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Commission submits to SCoFCAH proposal setting strict conditions for the antimicrobial treatment of poultry carcasses

European Commission - IP/08/819   29/05/2008

Other available languages: FR DE EL

IP/08/819

Brussels, 28 May 2008

Commission submits to SCoFCAH proposal setting strict conditions for the antimicrobial treatment of poultry carcasses

The European Commission, after having examined the conditions under which poultry meat treated with antimicrobial substances could be marketed in the EU, decided today to submit to the Standing Committee on Food Chain and Animal Health (SCoFCAH) a proposal that sets strict conditions on the basis of which four antimicrobial substances could be used for in the decontamination process of poultry carcasses These substances will have to be used separately and not in combination and they would have to be used to treat whole poultry carcasses and not parts of carcasses or poultry cuts. The businesses using the substances would also have to let consumers know, through labelling, that the poultry has been treated by one of these substances – they would have to label in a clearly legible way that the poultry has either been "treated with antimicrobial substances" or "decontaminated by chemicals." Strict conditions for the management of waste water are also provided for in order to ensure the protection of the environment. Furthermore, the businesses using these substances shall collect data for monitoring and make the data available to the competent authorities. The proposal also foresees that within 2 years from the date of application the authorisation and the conditions of their use will be mandatorily reviewed, in the light of further scientific data and, if appropriate, the Commission will propose for the regulation to be adapted.

Treatment of poultry carcasses

The Commission's proposal to implement a possibility opened in the current EU legislation (Regulation 853/2004), and provides for the conditions of use of these substances. All these substances have undergone a scientific evaluation by EFSA on their possible direct effects on consumers and all have received a favourable opinion in this regard.

An other important condition imposed on the operators is the rinsing of the poultry carcass with potable water after treatment. This rinsing has to take place before the carcasses enter the chilling or refrigerating rooms in order to have better results the effort to remove any possible residues of these substances on the carcasses.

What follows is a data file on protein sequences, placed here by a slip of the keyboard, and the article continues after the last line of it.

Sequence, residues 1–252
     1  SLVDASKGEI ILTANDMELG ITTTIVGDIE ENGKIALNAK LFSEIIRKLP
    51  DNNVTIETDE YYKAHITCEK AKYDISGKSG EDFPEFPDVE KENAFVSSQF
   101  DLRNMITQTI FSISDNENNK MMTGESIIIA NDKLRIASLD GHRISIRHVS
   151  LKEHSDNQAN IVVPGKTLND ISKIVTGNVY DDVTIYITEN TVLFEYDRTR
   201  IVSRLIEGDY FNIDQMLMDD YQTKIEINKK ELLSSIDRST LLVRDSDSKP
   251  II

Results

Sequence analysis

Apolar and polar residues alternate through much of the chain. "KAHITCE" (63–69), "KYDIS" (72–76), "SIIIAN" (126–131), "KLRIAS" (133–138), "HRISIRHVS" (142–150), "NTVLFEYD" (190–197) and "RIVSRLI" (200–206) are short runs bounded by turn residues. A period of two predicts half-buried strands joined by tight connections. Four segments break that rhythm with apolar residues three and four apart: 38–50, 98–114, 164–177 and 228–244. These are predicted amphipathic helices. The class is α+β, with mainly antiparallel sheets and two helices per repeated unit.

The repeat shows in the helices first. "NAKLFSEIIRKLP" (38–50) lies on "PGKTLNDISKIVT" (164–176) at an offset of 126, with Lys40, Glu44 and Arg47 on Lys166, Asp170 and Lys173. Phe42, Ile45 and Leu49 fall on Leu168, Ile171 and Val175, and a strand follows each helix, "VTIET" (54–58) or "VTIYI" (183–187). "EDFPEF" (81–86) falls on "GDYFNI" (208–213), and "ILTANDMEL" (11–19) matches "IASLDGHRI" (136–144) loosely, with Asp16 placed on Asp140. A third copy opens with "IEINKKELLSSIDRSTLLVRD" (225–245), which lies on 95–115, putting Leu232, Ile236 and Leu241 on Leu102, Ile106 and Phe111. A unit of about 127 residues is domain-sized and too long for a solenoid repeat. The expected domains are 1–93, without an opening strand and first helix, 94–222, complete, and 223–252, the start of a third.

Data collection

Businesses using the antimicrobial substances would have to collect data, for research and monitoring purposes, and make these data available to the competent authorities. The research to be carried out will concern the following issues:

  • Possible development of antimicrobial resistance at medium and long term as no effect as been observed in short term
  • The impact of the disposal of the waste water containing these substances on the environment
  • The possibility that resistant strains are developed in the waste water

Environmental conditions

The Commission's proposal also provides that those operators using the four substances would have to comply with certain waste water effluent quality standards. The solutions containing the substances should be discharged to an urban collection and treatment system or to industrial waste water following treatment.

Furthermore, where these substances are used, the competent authorities shall increase the frequency of official controls. The duration of these controls might also be increased. The competent authorities will have the right, on a case-by-case basis, to set additional conditions for the use of these substances.

SCoFCAH will vote on the proposal in one of its next meetings.

Technical change on the definitions and marketing standards for poultry meat

As a result of the proposal, a technical change must also be made to the rules on the definitions and marketing standards for poultry meat. This separate proposal, to amend an existing Regulation, will be sent to the Council and European Parliament. Under current arrangements, it would need an opinion from the Parliament and a qualified majority in Council. If it is not adopted until after the entry into force of the Lisbon Treaty, it would be an issue for co-decision between the Council and Parliament.

At the same time, the Commission proposes to make a number of adjustments to bring the legislation up to date in the light of technical changes that have occurred since it was first adopted. These are not related to the issue of antimicrobial treatments.


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